But the entrance into adult age changed something. The magic was lost, even though I didn’t want it to. The adult world pressured me to ‘do things for money’ so much that I started to feel guilty every time I approached a project out of pure genuine interest, either it involved money or not. I began to drop projects based on pay.
Was that the right thing to do?
My writing muse screams ‘NO’.
The Fundamental Cause Behind Adult Writer’s Block
As a kid, the only thing that would cause me to put writing projects on hold was going to school and getting homework done. Or having to go out with my parents on family trips that didn’t involve time for writing. But as an adult, I found myself getting blocked for a different reason (plus a gazillion smaller silly ones):
Am I really good enough to even begin this project?
Or put in other terms: What right do I have – me, a lowly writer whose English is not even her first language – to submit my stupid ideas to important publications?
The ‘important publication’ could be a blog, an e-zine, a newsletter, a print magazine, a short-story anthology. Anything. Even the lowest paying small circulation magazine or blog would appear too important in my eyes.
Where did my writing innocence go? Why am I unable to ‘just write’ without having crazy internal editors get in the way? There was no editor who could stop me at 13. There are way too many to deal with now.
Recover That Writing Innocence Before It’s Too Late
If you read this far, you might be on my same boat. You need to recover that writing innocence from your childhood if you want to further your writing career and be successful at what you do. There’s more than one way to subject yourself to ‘writing therapy’, but remember that no method will work until you make it a commitment to heal fast and get your writing muse back.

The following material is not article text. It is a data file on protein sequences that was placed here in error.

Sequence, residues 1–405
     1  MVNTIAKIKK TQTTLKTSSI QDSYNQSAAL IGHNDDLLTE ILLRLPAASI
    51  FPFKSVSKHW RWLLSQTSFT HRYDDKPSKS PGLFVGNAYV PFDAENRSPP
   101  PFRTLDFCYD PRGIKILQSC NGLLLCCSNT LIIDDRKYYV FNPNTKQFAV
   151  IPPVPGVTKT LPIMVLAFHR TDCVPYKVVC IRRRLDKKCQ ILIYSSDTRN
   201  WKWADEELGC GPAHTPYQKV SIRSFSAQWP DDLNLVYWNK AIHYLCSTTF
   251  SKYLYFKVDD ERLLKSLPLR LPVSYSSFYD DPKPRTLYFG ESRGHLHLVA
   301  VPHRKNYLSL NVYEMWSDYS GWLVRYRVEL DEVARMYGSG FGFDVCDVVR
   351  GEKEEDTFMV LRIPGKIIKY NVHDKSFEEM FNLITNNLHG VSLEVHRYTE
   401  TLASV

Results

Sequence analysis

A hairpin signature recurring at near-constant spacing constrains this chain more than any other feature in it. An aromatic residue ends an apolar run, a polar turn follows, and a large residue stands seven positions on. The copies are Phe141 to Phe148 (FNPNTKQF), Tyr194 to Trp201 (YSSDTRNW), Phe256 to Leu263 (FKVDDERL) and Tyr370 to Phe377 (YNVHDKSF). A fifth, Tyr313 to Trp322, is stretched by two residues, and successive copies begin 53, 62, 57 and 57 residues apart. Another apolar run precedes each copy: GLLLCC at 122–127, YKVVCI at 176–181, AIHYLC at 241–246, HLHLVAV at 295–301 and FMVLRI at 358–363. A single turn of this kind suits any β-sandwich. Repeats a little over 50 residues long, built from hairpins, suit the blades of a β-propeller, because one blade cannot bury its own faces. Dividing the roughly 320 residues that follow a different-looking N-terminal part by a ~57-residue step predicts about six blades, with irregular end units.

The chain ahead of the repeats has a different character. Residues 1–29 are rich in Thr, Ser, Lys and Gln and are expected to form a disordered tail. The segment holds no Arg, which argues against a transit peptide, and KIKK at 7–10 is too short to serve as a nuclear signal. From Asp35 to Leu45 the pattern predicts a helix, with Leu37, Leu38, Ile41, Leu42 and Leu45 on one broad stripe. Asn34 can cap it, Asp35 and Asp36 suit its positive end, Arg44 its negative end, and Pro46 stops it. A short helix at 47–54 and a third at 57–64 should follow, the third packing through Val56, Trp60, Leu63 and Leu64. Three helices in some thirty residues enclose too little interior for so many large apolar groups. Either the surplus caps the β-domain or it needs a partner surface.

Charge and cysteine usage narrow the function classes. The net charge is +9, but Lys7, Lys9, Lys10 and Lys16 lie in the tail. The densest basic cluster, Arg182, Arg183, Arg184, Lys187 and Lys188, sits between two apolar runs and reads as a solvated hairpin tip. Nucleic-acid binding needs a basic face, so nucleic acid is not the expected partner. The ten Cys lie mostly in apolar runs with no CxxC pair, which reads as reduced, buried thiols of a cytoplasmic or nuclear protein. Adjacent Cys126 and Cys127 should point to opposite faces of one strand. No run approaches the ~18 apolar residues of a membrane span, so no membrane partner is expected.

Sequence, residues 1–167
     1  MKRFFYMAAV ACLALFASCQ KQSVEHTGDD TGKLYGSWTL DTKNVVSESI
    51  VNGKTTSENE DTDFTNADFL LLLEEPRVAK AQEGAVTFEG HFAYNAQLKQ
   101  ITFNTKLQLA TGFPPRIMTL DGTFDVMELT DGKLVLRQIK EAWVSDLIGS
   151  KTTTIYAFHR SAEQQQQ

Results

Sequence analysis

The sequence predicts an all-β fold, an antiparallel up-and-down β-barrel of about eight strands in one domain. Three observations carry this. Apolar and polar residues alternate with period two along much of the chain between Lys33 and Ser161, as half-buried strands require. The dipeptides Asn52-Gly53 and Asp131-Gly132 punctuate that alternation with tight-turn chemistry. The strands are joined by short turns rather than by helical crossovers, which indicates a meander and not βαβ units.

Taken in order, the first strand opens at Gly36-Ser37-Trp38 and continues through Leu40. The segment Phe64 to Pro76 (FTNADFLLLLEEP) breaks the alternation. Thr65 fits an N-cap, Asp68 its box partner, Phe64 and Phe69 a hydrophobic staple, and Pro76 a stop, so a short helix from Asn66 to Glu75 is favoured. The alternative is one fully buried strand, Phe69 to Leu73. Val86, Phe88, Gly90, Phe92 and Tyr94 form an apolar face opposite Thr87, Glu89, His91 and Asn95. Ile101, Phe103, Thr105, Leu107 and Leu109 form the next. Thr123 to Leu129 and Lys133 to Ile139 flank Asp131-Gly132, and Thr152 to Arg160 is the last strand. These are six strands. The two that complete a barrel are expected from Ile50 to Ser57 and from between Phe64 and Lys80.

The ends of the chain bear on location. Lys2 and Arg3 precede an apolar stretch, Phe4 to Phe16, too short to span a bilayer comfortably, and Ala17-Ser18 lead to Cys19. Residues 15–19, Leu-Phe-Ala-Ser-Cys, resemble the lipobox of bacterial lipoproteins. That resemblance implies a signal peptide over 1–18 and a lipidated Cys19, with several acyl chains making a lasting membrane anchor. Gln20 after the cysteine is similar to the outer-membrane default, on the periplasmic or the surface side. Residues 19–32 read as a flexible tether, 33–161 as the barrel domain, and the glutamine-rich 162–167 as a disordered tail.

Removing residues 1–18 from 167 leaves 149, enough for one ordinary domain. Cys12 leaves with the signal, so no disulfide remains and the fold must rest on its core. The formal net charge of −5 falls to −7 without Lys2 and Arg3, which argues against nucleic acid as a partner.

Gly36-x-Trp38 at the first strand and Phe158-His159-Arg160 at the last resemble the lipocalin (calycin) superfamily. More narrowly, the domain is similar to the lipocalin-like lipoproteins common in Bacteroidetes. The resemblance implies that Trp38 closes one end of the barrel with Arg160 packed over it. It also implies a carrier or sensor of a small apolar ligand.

1. Pen and paper in hand, close your eyes and write. Who cares if you overwrite your own words, go overboard or if your handwriting looks more like a kindergarten kid’s first attempt at writing? What counts is that you hiss your consciousness and just follow the trail of your thoughts. When you are done, put pen and paper away (without looking at it) and do something else. Later, grab your paper and edit. There might be food for more than one article, short-story or newsletter inside those ‘crappy’ lines.
2. Write wherever your heart commands. If that’s the white border of your daily newspaper, that’s fine. If that’s the back of your grocery shop receipt, go for it. If that’s the palm of your own hand, it’s no problem (just make sure you can wash it away!). Don’t make time for writing, just write. It can be as urgent as food when you’re starving.
3. Don’t wait for an editor’s response. Write away! I realize this goes against all the advice you’ve heard about focusing your efforts on tasks at hand when freelance writing, but sometimes waiting means losing the momentum and the joy for the piece you want to write. So, don’t wait for your editor’s ‘go ahead’ to start writing! As freelance writer Christina Katz says in her her book Writer Mama, prewrite your features! And not just those, but fillers, columns and blog posts, too. That is how the post you’re reading was written— straight from the heart. And refined, edited later.
4. Use a tape or mp3 recorder (or your cellphone recording function) to note down your ideas. This is no new advice for freelance writers, but it turns out incredibly helpful when you want to get rid of your internal editors and just let your writing muse speak. Free! You’ll have time to put your vocal notes in order later.
5. Make (or leave) your notepads as messy as you can. Trying to write orderly when you’re noting down ideas and outlines only hinders your ability to write freely and it freezes any new idea twist or slant you had been working on inside your mind. Keep your innocence alive, let it make your heart pound!
And be a child again. You need it. 🙂
What do you do to feed your writing innocence?
Image credit mpclemens via Compfight